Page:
BAGHDAD — The political coalition of influential Shiite cleric Muqtada al-Sadr took an early lead in Iraq’s national elections in partial returns announced late Sunday by the Iraqi electoral commission. An alliance of candidates linked to Iraq’s powerful Shiite paramilitary groups was in second. The alliance is headed by Hadi al-Amiri, a former minister of transport with close ties to Iran who became a senior commander of paramilitary fighters in the fight against the Islamic State of Iraq and Syria (ISIS) extremist group.
Prime Minister Haider al-Abadi performed poorly across majority Shiite provinces that should have been his base of support.
The announcement came just over 24 hours after polls closed across the country amid record low voter turnout. It included full returns from only 10 of the country’s 19 provinces, including the provinces of Baghdad and Basra.
Members of the national election commission read out vote tallies for each candidate list in each of the 10 provinces on national TV. By the end of the announcement, al-Sadr’s list had the highest popular vote, followed by al-Amiri’s.
Seats in parliament will be allocated proportionately to coalitions once all votes are counted. The commission gave no indication on when further results would be announced.
Who is Muqtada al-Sadr?
Celebrations erupted in Baghdad’s Sadr City, an impoverished quarter that is home to some 3 million people and is named after the cleric’s late father, Ayatollah Mohammad Sadq al-Sadr. The younger al-Sadr campaigned on a cross-sectarian platform of fighting corruption and investing in services and struck a surprising alliance with the Communist Party in the capital.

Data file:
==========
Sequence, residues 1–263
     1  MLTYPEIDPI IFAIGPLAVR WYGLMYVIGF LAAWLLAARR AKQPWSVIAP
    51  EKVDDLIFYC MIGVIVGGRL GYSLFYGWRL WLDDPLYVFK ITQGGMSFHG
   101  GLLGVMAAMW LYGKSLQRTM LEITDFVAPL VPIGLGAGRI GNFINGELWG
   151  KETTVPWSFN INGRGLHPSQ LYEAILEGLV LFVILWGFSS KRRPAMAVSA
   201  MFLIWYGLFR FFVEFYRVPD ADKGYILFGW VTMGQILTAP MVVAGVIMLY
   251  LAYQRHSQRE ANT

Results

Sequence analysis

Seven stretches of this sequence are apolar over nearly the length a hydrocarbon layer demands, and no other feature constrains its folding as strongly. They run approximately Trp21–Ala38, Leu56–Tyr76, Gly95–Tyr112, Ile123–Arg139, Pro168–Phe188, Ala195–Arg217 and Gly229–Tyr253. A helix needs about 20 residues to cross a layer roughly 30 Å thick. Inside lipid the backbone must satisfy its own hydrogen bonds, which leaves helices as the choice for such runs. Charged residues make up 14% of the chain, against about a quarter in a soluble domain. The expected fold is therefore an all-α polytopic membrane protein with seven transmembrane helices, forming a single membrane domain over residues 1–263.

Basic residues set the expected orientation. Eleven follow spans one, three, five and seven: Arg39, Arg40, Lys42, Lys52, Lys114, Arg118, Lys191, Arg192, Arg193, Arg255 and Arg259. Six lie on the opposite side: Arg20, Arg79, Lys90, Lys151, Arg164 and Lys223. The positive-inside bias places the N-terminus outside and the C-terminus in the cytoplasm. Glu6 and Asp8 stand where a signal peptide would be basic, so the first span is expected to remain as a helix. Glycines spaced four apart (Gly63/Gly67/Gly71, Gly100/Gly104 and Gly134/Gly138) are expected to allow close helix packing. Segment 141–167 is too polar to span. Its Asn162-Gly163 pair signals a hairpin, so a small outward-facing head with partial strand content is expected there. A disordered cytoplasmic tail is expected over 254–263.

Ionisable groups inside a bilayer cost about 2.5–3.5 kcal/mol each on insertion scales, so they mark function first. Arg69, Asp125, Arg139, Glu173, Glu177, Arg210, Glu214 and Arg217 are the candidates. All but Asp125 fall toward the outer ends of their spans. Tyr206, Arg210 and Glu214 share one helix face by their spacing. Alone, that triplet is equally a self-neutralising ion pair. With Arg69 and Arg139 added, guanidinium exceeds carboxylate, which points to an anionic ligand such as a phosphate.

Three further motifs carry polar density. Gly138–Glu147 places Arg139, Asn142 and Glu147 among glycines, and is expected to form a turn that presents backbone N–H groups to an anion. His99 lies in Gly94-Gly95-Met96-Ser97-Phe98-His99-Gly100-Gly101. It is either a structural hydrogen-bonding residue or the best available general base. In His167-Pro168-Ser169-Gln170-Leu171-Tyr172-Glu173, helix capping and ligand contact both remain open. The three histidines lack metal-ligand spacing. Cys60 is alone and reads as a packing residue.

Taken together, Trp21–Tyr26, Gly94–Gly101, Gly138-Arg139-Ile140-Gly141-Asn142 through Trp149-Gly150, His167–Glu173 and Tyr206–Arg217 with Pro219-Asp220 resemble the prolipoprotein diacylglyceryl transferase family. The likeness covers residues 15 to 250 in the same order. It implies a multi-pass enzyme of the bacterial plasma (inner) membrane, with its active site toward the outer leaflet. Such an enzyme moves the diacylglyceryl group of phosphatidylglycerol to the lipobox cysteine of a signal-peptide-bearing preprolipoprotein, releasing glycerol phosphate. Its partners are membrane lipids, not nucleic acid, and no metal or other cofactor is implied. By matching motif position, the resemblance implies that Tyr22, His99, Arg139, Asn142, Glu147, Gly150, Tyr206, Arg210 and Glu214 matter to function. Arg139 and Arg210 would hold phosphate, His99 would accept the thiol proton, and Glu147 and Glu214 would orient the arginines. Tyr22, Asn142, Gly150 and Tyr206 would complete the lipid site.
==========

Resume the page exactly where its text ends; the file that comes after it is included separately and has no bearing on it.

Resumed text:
The strong showing could be a testament to al-Sadr’s loyal base of followers who cast their ballots despite a general mood of apathy that kept many Iraqis away from the polls. Al-Sadr commanded fighters in the war against ISIS and headed a powerful militia that fought U.S. forces in Iraq prior to 2011, but his 2018 campaign focused on social issues and eliminating government corruption.
Al-Sadr rose to prominence as a young cleric, not even 30 years old, after the Iraq descended into sectarian warfare following the U.S. toppling of Saddam Hussein’s government in 2003.
“60 Minutes” correspondent Bob Simon was the first to interview al-Sadr for Western television. Simon explained that the cleric’s rise was fuelled by years of Shiite resentment toward the U.S.
After Saddam Hussein surrendered in the first Gulf War in 1991, President George Bush (the first) sent a clear message to Iraq’s Shiites; He said it was time “for the Iraqi people to take matters into their own hands and force Saddam Hussein, the dictator, to step aside.”
The Shiites heeded the call. But when they were in full rebellion against Saddam, the American air cover they expected never came. Moreover, the U.S. let Hussein use his own helicopter gunships to crush the revolt. Shiites were killed by the thousands.
“The Americans were never interested in what was best for the Shiites,” al Sadr told Simon in the 2004 interview. “In fact, America wouldn’t let a Shiite government exist here, except under its occupation, my friend, because of that fear.”
“The little serpent has left, and the great serpent has come,” al-Sadr told Simon of the toppling of Saddam Hussein.
So the big serpent was Saddam Hussein, and the Americans are the small serpents?
“It is the opposite, my friend,” al-Sadr told “60 Minutes.”